Chris Nocco takes the long way to work, escaping the morning traffic on State Road 54 to meander along tree-lined Starkey Boulevard for a few minutes of tranquility.
The opportunities for bliss become significantly fewer today. Nocco is scheduled to be sworn in as Pasco County sheriff this morning and his professional life goes from cop/bureaucrat to cop/leader/politician commanding 1,125 employees and being chief law enforcement officer for 440,000 people.
Nocco is the sheriff nobody voted for, the first person to have that distinction in Pasco County since 1984 when Gov. Bob Graham named J.M. "Buddy'' Phillips to a three-month tenure to succeed the disgraced John Short. At 35, Nocco also is the youngest sheriff since Short was elected in 1976 at the age of 31.
So Nocco is doing what unknowns do. He is meeting and greeting. Press conferences on consecutive days, an appearance at the New Port Richey Rotary, a chat with Commission Chairwoman Ann Hildebrand, talking to well-schooled pols like state Rep. Will Weatherford and state Sen. Mike Fasano, and coffee with a commentary writer are just a sample of his rapidly filling appointment calendar.
He is the new dean of Pasco law enforcement who must complete his command staff, meet with his troops and devise more efficiencies over the next four weeks in anticipation of submitting a proposed budget to the County Commission by June 1. That is just the short term.
He also would be wise to do a better job of long-range planning to match projected capital and personnel needs to available resources. And outside of the meetings, the pencil pushing and the politics, the sheriff must strive to ensure that the public at large and his own deputies are safe.
Nocco, for instance, frets about the logistics of hurricane evacuations if a major storm targets the Tampa Bay region. And, he hopes to educate the public about the value of being attentive and reporting suspicious activity.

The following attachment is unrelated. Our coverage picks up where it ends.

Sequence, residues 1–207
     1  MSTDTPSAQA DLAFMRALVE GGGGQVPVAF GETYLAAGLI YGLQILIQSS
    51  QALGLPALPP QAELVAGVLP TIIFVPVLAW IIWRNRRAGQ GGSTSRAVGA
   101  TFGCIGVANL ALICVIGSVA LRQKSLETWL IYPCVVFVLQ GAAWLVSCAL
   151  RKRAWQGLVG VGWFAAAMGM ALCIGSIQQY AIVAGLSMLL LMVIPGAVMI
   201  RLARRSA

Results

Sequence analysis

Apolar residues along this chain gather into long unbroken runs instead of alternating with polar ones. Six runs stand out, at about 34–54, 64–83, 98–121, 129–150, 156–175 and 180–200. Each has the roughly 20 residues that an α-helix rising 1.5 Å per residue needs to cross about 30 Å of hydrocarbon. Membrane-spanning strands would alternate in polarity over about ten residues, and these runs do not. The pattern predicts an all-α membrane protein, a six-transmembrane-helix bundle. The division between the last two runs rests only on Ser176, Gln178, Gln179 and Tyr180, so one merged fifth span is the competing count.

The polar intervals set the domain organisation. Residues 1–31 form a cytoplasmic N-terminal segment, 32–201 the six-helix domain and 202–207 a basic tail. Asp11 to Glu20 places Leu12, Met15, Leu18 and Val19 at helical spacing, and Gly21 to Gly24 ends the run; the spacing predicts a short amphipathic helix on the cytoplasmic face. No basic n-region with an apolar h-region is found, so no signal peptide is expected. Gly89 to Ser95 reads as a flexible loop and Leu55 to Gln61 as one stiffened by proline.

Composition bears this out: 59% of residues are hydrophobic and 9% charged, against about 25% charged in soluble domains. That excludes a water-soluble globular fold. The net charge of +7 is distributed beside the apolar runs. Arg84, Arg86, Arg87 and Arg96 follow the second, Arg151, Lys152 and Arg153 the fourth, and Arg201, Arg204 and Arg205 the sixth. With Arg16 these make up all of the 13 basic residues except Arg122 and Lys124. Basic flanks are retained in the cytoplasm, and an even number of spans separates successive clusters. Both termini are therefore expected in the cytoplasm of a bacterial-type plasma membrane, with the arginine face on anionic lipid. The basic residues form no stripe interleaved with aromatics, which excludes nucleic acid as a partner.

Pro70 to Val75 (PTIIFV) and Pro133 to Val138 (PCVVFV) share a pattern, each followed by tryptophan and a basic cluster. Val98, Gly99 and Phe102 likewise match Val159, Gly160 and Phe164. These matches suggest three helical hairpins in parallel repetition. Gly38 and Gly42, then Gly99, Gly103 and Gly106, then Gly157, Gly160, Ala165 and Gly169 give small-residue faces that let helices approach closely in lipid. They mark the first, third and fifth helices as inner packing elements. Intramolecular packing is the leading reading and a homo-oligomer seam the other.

Already, there are distinctions from his old boss. Nocco drives one of the fleet: a white unmarked Impala, not a no-bid SUV from a local businessman/campaign contributor. He says he will re-evaluate the special deputy program that put authentic-looking badges into the hands of campaign contributors, prominent business owners and other chums of former Sheriff Bob White.
Most importantly, Nocco proclaims an unwillingness to fight with Pasco commissioners over the size of his budget. White's final year brawl to try to boost his $85 million budget is one of the lasting images that stain his legacy. Nocco does not have the political luxury of attempting to bully his way to more resources. Nocco, whether he likes it or not, is an unannounced candidate for Pasco sheriff until he publicly states otherwise. Appearing to be uncooperative with cash-strapped county commissioners wouldn't be a smart way to start a run for office.
Like White, Nocco becomes sheriff largely as an unknown to his Pasco constituency. But, White defeated a two-term incumbent. Nocco takes the job courtesy of White's early retirement and an appointment from Gov. Rick Scott that is colored by Nocco's wife, Bridget. She is the well-compensated Tallahassee lobbyist and Republican Party consultant who raised cash for Scott's 2010 campaign. Nocco and his wife just moved to Pasco County in 2009 after White offered him the job as captain in charge of administrative services.
It came with a pay cut from Nocco's job as chief of staff at the Florida Highway Patrol and forced the couple to sell their Tallahassee house at a loss, but it also brought a chance to return to police work. White promoted Nocco to major in March, then paved the way for his successor by announcing his retirement eight days later. We should all have such rapid career trajectories.
So Nocco, a former patrol officer, political aide and state agency bureaucrat, is the new sheriff who must persuade skeptics he is a capable leader, not simply a politically connected, one-time aide to Marco Rubio who rode his wife's fundraising coattails to this job.
"If I'm doing a bad job, in August 2012, you can decide,'' he says.
That would be Aug. 28, 2012, the date of the primary election. It is just 17 months away. Already, three candidates, two Republicans and a Democrat, have filed candidacy papers.
No wonder the new sheriff grabs those moments of serenity while he can.